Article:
Journey to Thailand
The lorries were due to pick us up at 4:15 a.m. and at 4:10 a.m. they started coming in and we began loading. Some lorries were used for the cookhouse gear and extra stores. There was even a piano to be loaded, which, I learned later, was the best we had at Changi and was being taken so that we could carry on with our musical shows at the new camp.
...I couldn't see much of the countryside owing to it being so early in the morning and visibility was very poor. We arrived at Singapore Station at about 5:30 a.m. and went straight over to the train. The trucks were smaller than I had imagined them and I knew that we were in for an unpleasant time. We found number thirteen truck and all scrambled in. Once all were inside, we discovered that we were crowded standing up. Of course our kit and Q.M. kit took up a lot of room so we set about trying to hang it up. Our buckets, tins, cans, etc., were all hung on hooks outside the truck. and packs, etc., were hung on a long rope inside the truck. The remainder being left on the floor, we then just managed to find room to sit down. But if we wanted to stretch our legs then someone would have to move. It seemed ridiculous to think that we would have a long journey to travel in a cramped position like this, so inquiries were made and we were horrified to learn that we were to remain in the trucks for about a week. There was no alternative so we had to make the best of it.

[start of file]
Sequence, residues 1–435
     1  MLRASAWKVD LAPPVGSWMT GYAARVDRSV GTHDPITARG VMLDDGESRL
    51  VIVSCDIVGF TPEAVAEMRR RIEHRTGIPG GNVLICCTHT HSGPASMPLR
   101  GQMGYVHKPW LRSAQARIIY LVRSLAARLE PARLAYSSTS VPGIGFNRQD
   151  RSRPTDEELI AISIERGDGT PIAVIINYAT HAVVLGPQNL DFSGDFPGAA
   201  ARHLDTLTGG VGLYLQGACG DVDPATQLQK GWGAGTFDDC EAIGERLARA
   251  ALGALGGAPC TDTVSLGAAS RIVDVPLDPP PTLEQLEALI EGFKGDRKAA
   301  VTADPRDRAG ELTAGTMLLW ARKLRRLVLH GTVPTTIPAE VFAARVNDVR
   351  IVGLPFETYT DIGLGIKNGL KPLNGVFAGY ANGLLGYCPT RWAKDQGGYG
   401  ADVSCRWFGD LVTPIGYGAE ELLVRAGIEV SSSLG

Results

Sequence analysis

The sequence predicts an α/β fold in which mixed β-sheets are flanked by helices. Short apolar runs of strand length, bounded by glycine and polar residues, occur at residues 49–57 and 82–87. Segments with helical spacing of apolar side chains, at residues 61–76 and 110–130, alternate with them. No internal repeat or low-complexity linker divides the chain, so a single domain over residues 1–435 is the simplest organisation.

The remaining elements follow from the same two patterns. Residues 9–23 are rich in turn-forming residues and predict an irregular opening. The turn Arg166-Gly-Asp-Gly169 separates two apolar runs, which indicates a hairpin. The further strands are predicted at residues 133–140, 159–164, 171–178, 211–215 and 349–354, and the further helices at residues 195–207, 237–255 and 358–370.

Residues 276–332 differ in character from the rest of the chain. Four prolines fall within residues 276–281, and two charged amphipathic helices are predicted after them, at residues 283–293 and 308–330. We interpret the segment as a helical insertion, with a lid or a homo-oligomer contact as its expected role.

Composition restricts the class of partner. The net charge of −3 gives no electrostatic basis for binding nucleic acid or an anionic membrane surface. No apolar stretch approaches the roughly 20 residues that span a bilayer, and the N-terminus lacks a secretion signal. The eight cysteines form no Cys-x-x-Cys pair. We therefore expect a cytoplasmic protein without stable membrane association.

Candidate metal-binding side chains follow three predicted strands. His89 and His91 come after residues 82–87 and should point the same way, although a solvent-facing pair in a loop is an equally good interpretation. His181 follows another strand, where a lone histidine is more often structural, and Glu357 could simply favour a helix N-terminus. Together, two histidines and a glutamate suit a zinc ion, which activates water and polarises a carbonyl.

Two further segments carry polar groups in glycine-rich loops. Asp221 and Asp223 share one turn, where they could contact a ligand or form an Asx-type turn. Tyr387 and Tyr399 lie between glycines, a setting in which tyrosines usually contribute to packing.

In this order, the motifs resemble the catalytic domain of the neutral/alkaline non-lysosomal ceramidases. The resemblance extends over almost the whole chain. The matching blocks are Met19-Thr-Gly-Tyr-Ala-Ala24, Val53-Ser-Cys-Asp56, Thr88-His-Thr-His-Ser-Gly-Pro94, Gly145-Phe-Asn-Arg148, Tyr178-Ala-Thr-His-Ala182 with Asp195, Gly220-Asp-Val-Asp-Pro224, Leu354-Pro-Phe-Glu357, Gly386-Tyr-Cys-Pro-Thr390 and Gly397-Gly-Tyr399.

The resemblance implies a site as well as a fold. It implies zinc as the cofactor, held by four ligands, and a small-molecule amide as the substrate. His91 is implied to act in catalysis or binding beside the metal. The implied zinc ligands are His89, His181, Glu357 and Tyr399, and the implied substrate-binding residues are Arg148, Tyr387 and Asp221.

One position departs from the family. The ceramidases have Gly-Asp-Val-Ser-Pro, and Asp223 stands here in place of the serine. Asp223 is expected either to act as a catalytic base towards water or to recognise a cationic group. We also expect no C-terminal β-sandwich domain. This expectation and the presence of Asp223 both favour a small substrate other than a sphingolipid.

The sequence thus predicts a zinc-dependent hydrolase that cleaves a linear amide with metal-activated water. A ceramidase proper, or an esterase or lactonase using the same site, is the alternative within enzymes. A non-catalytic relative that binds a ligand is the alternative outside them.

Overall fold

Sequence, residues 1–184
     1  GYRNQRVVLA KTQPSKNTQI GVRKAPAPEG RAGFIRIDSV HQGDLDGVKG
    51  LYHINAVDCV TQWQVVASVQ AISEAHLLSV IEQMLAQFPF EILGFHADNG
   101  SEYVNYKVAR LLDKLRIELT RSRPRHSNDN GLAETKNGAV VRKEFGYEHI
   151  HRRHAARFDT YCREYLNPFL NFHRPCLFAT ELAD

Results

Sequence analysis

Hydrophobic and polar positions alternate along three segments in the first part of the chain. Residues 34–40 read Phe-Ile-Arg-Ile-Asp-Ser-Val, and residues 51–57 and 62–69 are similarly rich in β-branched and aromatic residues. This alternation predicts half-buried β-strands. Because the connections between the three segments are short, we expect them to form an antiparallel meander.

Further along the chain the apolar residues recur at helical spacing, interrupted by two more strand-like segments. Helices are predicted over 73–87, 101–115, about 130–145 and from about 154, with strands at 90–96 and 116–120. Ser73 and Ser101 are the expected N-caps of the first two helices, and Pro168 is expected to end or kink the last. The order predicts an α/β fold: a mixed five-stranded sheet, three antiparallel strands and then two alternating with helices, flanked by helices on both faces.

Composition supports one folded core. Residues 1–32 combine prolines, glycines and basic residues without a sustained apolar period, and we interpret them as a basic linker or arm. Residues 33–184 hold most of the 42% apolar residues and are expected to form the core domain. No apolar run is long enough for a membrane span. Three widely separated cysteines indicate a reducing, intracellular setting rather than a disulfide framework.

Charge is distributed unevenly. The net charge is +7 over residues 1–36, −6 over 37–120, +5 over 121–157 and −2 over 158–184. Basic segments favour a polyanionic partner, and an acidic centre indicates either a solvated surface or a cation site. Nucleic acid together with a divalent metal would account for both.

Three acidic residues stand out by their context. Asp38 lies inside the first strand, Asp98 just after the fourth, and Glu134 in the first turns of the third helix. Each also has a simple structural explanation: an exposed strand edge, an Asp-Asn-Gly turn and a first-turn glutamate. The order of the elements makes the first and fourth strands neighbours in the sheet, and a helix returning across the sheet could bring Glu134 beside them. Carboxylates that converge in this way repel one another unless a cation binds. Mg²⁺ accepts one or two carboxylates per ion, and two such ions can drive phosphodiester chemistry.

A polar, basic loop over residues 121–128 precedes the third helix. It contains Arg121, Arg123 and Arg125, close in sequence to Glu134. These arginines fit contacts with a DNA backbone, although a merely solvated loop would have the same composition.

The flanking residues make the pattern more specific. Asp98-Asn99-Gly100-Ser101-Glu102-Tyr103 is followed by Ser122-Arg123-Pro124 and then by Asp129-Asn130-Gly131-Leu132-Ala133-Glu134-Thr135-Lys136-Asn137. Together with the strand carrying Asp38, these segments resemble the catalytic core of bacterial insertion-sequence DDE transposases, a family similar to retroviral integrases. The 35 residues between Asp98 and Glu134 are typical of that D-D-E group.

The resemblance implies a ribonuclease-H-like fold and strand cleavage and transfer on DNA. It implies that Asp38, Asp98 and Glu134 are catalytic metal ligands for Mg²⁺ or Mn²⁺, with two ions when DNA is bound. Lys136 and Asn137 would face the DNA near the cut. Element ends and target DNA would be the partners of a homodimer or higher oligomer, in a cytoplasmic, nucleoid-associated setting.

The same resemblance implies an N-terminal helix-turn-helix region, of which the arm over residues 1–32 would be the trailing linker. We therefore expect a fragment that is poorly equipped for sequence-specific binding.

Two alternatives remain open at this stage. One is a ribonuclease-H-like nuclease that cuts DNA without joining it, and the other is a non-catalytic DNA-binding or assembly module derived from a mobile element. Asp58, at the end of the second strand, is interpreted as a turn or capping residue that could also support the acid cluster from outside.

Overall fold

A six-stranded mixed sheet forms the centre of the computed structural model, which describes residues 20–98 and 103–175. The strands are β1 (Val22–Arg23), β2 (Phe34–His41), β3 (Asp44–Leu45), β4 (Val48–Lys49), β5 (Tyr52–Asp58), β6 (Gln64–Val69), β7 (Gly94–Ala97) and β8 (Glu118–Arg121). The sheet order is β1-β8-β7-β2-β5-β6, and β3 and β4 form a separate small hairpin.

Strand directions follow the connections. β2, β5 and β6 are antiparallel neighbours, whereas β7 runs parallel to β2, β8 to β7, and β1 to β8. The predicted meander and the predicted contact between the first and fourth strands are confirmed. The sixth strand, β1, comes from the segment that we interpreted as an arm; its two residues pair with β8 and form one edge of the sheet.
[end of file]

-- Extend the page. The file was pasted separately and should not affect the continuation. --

It became rather stuffy so we looked around for ventilation, only to discover that the truck was made of steel and the only openings were two sliding doors, one on each side about 4 foot, six inches square. We hoped it wouldn't be too bad when the train started.
The train pulled out at about 7 a.m. and the cool morning breeze that came through the doors was very welcome and refreshing. The R.S.M. had thought of this and placed himself near one of the doors from where he was able to keep an eye on his brood. He snarled at us if we came near the door, dubbing us fools for taking the risk of falling out.
As the hours passed and the sun came out, our truck became stiflingly hot. We discovered that the steel had become so hot that we couldn't lean against or even bear our hands on it. The truck became like an oven and by midday two men had fainted.
We had to be very sparing with the water as we didn't know when we would get a chance at more. All on the train were suffering alike and I thought that there must be serious results, as all our men were suffering from some form of malnutrition: many had not been long out of the hospital and weren't strong. Most had diarrhea or dysentery and were weak, so the terrific heat just bowled them over.